Joe Armstrong: After a small amount of experimentation I was able to make Erlang talk to a web page using pure asynchronous message passing. I think this means the death of the following technologies:
I see the appeal for a single node Erlang or Eventmachine or node.js server. (Can sockets be passed between servers?)
I’m less clear about how this could work with request/response servers like PHP or Rails. Event loops on the server are not typically application patterns for applications using such frameworks — shared nothing is more of the norm.
Regardless of how this pattern might work, it definitely seems a bit early to declare the death of that laundry list of popular web technologies.
All problems can be solved by adding another layer of abstraction, or in this case another tier. You could have a tier that manages the long-lived WebSocket connections and proxies events to a pool of app servers; I think Orbited already works this way.
It’s not that hard to share the state from a TCP stack across multiple hosts. In most implementations the incoming traffic is routed to a deterministic host (usually with flow hashing) in a cluster and then synchronized via a back-channel to the “moved to” target host. The target host then sends the outgoing traffic asymmetrically. The TCP state is synchronised (ala CARP) via the same shared channel. LVS is probably the most widely known, but there are other implementations of this technique, some load-balancers can do it too.
It can certainly be done across a network correctly, whether or not it’s efficient is a whole different question probably best put in terms of amdahl’s law.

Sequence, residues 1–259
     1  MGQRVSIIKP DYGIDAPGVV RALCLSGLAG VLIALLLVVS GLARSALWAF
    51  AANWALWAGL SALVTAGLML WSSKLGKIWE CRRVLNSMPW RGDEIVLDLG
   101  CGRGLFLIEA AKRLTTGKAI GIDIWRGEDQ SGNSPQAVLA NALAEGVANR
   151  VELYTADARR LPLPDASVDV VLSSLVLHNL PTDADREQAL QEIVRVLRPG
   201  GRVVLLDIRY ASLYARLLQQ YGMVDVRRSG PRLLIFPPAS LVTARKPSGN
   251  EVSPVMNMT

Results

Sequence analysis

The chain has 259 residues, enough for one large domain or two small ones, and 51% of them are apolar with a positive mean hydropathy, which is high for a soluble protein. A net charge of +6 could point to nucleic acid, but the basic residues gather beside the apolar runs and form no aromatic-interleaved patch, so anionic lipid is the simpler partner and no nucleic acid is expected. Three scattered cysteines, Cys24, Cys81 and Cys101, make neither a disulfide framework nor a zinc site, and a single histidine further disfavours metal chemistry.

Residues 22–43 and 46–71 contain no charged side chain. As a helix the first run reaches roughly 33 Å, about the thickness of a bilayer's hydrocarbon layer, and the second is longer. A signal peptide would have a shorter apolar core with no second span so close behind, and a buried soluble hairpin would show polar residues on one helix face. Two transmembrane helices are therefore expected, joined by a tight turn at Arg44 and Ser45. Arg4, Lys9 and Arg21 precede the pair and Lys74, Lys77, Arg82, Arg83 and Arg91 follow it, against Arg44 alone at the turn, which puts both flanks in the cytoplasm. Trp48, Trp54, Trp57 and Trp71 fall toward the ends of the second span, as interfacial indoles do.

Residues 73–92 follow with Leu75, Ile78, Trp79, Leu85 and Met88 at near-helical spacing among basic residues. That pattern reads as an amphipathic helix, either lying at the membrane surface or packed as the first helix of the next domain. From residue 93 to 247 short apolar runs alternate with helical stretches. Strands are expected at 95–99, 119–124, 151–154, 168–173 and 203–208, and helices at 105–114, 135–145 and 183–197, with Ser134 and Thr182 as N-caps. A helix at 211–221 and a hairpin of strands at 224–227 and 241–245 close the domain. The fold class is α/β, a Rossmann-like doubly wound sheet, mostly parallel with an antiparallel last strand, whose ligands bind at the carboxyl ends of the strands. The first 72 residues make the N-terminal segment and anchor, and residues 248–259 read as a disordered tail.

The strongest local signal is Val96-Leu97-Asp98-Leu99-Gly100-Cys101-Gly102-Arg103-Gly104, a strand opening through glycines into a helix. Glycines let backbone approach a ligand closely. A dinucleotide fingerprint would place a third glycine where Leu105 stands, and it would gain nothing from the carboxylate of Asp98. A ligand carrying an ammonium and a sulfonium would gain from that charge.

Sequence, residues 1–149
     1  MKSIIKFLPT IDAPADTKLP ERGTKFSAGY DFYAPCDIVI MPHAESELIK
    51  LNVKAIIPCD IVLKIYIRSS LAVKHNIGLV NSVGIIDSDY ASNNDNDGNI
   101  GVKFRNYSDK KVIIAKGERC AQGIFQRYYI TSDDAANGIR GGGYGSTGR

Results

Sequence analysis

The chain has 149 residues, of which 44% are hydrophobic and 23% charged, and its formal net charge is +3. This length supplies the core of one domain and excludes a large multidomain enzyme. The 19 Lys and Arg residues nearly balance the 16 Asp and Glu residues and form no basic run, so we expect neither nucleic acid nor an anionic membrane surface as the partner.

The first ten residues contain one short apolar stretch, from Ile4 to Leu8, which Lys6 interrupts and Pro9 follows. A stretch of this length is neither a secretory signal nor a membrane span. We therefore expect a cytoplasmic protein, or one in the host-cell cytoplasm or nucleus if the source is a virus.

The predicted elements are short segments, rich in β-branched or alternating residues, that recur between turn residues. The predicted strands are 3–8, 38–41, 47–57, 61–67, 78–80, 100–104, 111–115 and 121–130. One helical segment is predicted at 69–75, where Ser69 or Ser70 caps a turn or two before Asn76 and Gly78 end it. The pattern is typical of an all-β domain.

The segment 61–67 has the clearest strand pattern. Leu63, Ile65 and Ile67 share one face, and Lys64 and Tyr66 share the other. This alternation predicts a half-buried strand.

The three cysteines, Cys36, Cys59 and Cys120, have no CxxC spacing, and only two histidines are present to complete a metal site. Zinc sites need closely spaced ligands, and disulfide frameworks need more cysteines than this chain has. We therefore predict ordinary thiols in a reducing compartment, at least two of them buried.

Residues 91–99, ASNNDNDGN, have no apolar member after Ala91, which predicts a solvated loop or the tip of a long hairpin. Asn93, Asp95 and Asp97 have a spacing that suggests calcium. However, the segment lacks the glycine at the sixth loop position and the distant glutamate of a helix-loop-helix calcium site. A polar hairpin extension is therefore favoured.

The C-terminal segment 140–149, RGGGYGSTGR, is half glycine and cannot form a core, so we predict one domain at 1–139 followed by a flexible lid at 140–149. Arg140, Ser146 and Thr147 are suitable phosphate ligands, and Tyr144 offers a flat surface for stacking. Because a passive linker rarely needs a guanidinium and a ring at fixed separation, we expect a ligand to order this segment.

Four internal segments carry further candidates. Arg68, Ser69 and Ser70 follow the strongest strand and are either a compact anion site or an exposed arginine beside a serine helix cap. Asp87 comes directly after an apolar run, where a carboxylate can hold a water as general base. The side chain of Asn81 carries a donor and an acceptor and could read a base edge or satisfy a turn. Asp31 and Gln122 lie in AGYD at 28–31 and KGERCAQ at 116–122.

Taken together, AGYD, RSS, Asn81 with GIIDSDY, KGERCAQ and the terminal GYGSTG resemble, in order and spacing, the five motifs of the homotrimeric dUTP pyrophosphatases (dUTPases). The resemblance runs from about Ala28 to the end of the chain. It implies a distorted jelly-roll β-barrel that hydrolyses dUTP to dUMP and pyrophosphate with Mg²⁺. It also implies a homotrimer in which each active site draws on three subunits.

My understanding, perhaps incorrect, is that a socket, once open, is bound to a specific host. I don’t understand how another layer of abstraction or deterministic hosts allows one to effectively load balance, something which often needs to be done retroactively.
I’m entirely OK with WebSockets solving a common, albeit not universal problem — yielding to the current solutions to address the remaining needs.
Or perhaps this needs to be addressed at at the application level.
I must be missing something, because this looks like the exact problem distributed Erlang was designed to solve. Wouldn’t the design to go with be a pretty simple socket reader process with the actual application workload executed in a different Erlang process that may or may not be on the same node?
I do agree that the last two bullet points probably won’t vanish because of web sockets.
It wouldn’t be just a reader process: in order to send data back, one would have to find the server with the socket. But you are right, this can be solved via application code in Erlang. I’m still less clear on how this could work with PHP or Rails.